For the residents of Diyarbakir, there is no greater symbol of Kurdish oppression and resistance than the prison — a cluster of low, red buildings in the center of the city. In 2010, Prime Minister Recep Tayyip Erdogan, campaigning in Diyarbakir, raised the hopes of the city’s residents when he promised to close it, acknowledging the difficulties of living in its shadow and recalling his own time in prison.
But a proposal to convert the prison into a school was nixed after opponents reacted with horror to the idea of their children being educated there. The 78ers Union stepped in; it had recently helped organize a temporary exhibition in Ankara that memorialized victims of torture in the 1980s and 1990s in western Turkey. They proposed to continue that project in Diyarbakir prison. In an unusual example of smoothly functioning politics, all sides — the Ministry of Culture, the Diyarbakir municipality, the BDP, the 78ers Union — agreed.
"It will be called the Museum of Shame," Takar told me, the same name as the Ankara exhibition. "But the shame won’t just be in the name, it will be clear in everything they show. Everyone will see it. We still have our bloody clothes; we want to put them on display. We have to remember the people who died there, and show people that for us, even though we are still alive, our future was killed in that building."
But it’s one thing to make a campaign promise, and another thing to translate those promises into reality. The long conflict between the military and the Kurds is a minefield on the Parliament floor and the Turkish street alike — is Turkey really ready to confront it in detail?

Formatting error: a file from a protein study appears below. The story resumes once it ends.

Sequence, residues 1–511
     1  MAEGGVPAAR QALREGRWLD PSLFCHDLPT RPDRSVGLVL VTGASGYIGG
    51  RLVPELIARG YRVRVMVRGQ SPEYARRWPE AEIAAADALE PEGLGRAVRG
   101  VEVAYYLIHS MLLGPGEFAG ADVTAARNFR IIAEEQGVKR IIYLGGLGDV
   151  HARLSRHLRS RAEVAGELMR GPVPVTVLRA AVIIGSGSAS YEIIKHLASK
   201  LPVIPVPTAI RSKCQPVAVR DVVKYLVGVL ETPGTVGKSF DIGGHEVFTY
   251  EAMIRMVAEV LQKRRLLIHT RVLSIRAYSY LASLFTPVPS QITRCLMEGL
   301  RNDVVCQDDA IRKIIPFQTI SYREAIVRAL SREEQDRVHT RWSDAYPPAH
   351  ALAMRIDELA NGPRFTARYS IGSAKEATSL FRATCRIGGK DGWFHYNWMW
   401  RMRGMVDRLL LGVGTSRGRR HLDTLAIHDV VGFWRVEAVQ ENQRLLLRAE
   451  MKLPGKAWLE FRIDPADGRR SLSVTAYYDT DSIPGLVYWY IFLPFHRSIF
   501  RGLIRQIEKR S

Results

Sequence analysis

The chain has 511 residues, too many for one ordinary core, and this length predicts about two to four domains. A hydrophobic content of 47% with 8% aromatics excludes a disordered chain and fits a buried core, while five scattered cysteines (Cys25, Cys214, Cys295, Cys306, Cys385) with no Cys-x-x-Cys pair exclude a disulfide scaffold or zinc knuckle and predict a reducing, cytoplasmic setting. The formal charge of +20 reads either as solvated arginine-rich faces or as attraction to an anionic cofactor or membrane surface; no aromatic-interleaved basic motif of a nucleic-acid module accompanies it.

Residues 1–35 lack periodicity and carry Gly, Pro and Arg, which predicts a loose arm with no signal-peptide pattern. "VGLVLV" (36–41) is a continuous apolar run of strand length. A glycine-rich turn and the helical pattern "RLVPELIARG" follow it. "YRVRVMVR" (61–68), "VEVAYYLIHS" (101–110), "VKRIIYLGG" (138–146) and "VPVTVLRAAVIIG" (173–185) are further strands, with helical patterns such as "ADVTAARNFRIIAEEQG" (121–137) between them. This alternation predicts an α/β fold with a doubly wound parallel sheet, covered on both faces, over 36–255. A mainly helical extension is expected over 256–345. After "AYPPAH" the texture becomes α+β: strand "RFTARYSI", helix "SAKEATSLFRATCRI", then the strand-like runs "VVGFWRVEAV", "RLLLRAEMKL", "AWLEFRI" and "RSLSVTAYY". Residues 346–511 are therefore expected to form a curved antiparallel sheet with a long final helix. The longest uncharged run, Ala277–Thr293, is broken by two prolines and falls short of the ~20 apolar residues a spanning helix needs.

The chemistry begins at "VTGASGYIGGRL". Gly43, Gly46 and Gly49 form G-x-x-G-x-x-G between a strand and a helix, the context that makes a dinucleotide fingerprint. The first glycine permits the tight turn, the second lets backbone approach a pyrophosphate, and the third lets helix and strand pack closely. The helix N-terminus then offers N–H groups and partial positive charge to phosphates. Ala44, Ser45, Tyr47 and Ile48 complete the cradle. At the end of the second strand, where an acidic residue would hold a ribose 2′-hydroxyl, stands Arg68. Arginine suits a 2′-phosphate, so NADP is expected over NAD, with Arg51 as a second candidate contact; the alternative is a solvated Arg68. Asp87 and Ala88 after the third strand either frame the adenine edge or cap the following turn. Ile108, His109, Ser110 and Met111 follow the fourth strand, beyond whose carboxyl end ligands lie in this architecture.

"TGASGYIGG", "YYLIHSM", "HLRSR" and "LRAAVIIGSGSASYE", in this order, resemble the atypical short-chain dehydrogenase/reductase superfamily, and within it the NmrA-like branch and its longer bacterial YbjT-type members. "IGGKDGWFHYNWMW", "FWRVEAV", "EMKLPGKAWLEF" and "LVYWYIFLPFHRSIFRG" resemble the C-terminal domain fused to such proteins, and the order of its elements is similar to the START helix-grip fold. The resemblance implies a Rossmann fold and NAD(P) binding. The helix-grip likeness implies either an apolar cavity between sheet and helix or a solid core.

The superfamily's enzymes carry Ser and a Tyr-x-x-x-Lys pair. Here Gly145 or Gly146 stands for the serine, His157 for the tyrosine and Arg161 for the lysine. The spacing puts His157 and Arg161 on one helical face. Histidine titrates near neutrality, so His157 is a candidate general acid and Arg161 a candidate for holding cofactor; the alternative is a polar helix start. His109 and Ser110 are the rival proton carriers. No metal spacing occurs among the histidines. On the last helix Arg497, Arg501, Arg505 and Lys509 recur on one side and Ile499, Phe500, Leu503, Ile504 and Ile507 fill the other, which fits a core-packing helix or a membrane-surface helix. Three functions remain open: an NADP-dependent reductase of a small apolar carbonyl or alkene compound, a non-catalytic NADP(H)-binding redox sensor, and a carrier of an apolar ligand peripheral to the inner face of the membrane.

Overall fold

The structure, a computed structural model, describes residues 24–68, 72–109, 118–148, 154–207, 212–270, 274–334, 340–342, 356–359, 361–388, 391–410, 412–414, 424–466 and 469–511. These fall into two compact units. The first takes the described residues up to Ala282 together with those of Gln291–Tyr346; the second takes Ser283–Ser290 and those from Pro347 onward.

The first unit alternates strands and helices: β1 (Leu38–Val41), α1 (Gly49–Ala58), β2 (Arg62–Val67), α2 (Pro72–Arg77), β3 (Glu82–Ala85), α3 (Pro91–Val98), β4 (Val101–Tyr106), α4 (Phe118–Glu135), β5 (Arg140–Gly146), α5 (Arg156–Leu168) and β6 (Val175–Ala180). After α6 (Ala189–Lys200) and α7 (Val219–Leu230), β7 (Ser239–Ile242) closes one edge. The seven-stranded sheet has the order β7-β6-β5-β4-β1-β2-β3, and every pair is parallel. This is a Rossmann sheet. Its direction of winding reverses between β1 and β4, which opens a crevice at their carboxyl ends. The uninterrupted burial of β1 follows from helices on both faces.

The 78ers Union is doing its best to make sure that it has no choice. In 2007, its members formed the Truth and Justice Commission for Diyarbakir Prison, a group of 30 academics and activists who record, transcribe, code, and analyze 90-minute interviews with men who were incarcerated there between 1980 and 1984, when the country was under military rule.
So far, the group has interviewed 500 former prisoners, mostly Kurds, and the findings are staggering — firsthand accounts of systematic torture; hunger strikes; and the organizing of a behind-bars resistance that would help form the modern PKK.
The commission’s findings stitch together a part of Turkish and Kurdish history that goes largely unacknowledged in Turkish media or education. While the modern-day violence between the PKK and the military continues to dominate headlines, the story of how the conflict began has largely been forgotten. "Most Turkish people don’t have a clue," Paker, who is a member of the commission, told me.
The project has only grown more important as Erdogan’s attempts at rapprochement with Turkey’s Kurds has foundered. While Erdogan’s "Kurdish opening" in 2009 initially seemed to hold promise for easing tensions, it was stopped in its tracks after 34 PKK members were given amnesty — and promptly returned from Iraqi Kurdistan to rally for the PKK. The ensuing public uproar caused Erdogan to retreat from the plan.
Since then, the government’s crackdown on the Kurds has only gained pace. In the last two years, hundreds of Kurdish politicians and activists have been arrested. The most recent wave of arrests came on Dec. 20, when Turkish police threw dozens of journalists in jail for alleged links to Kurdish rebels. This crackdown has only succeeded in convincing a new generation of Kurds that there is little point in politics or peaceful activism, and that their only hope is to resort to violence with the armed PKK militia in the mountains.